Q4 and FY2018 Results

BMO’s Earnings Release can be found here and its detailed investor presentation can be found here.

BMO’s Q4 2018 Investor fact Sheet can be found here.

BMO - 2018 Financial Highlights

BMO - 2018 Financial Highlights (1)

Source: BMO – Q4 and FY2018 Financial Results – December 4, 2018

I provide BMO’s Fiscal 2017 Highlights for ease of comparison.

BMO - 2017 Financial Highlights

BMO - 2017 Financial Highlights (1)

Source: BMO – Q4 and FY2017 Financial Results – December 5, 2017

FY2019 Outlook

On the December 4th conference call with analysts BMO indicated that delinquency and loss rates for the Canadian residential portfolio in the mortgage space remained stable.

Given the weakness in the energy sector analysts were interested in learning more about BMO’s exposure to this space. BMO was quick to point out that its energy portfolio represents approximately 2% of total loans and the portfolio is well diversified by geography; almost 50% of energy-related outstandings is from outside Canada. Canadian exploration and development only constitutes 29% of the bank’s energy exposure and ~75% is investment grade.

BMO drilled down further into its energy sector exposure and indicated that companies with a thinner energy portfolio that have any exposure to Western Canada Select is only 15% of BMO’s total energy exposure and only 0.4% of total loans. In addition, more than 75% are currently investment grade within this segment.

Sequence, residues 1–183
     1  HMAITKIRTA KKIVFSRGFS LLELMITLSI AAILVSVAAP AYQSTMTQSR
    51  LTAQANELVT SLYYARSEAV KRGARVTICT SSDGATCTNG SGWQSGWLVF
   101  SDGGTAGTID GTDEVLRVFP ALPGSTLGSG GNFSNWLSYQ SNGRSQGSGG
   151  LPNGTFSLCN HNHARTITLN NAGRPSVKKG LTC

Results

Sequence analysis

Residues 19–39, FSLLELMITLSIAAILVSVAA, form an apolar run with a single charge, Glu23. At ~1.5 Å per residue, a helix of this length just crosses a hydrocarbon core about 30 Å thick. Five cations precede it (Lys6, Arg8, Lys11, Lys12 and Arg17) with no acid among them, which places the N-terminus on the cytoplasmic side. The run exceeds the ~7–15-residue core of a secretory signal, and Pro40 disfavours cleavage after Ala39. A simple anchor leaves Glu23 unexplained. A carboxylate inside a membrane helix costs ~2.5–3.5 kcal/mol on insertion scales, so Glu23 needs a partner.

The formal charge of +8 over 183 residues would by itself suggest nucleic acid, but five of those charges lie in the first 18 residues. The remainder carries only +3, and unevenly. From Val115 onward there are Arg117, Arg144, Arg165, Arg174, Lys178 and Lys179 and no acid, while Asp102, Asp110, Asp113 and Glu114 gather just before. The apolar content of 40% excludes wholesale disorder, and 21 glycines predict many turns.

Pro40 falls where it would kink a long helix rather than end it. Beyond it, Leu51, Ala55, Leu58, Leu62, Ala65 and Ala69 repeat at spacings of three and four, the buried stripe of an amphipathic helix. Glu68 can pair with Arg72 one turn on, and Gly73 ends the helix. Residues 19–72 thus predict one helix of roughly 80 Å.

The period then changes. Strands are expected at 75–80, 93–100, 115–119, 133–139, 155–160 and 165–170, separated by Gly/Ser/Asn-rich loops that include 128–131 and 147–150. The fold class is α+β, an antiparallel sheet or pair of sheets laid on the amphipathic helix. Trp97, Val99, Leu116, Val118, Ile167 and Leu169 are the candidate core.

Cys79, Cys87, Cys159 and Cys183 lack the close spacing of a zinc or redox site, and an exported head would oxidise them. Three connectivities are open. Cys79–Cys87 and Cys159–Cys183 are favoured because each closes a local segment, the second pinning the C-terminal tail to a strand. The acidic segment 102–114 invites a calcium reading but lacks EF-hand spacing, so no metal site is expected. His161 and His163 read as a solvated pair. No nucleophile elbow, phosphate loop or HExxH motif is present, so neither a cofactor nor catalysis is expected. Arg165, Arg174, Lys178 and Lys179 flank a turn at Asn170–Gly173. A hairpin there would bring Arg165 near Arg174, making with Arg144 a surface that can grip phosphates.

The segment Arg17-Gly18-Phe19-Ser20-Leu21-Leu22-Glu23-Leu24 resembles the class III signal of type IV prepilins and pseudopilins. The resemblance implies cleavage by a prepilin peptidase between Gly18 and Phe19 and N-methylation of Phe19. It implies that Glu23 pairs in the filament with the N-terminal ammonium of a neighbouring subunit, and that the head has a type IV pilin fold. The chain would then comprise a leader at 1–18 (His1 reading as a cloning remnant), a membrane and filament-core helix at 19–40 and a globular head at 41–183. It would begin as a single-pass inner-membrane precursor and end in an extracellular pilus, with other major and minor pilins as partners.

BMO is forecasting a generally conducive business environment but it does see the prospect for modestly higher provisions over 2019. There are no specific issues in any of BMO’s portfolios but overall loss experience in FY2018 was at the low end of the historic range. As a result, BMO expects slightly higher loan loss levels in FY2019.

Credit Ratings and Common Equity Tier 1 (CET1) Ratio

BMO's current ratings and outlook from Moody’s, S&P Global, Fitch, and DBRS meet my risk tolerance level.

BMO - Capital and Common Equity Tier 1 RatioSource: BMO – Q4 and FY2018 Financial Results – December 4 2018

The Risk Review component of BMO’s Q4 Investor Presentation found on pages 16 - 20 provides an overview of the risk aspect of the bank’s various credit related lines of business.

Valuation

BMO reported diluted EPS of $8.17 and adjusted diluted EPS of $8.99 versus $7.92 and $8.16 in FY2017. This represents diluted EPS growth of ~3.16% and adjusted diluted EPS growth of ~10.2%.

When BMO reported FY2017 diluted EPS of $7.92 on December 5, 2017, its share price closed at $99.14 giving us a diluted PE of ~12.52.

BMO’s 1, 5, and 10 year PE is 12.1, 12.2, and 12.4; the 1-year measure is as at October 31, 2018 while the 5-year and 10-year measures are the average of year-end values. BMO is currently trading at ~$95.19 so using FY2018’s diluted EPS of $8.17, BMO’s PE is currently ~11.65.

BMO’s 1, 5, and 10 year Average growth in annual adjusted EPS is 10.1%, 7.7%, and 7.1%; BMO’s adjusted EPS target growth range is 7% - 10%.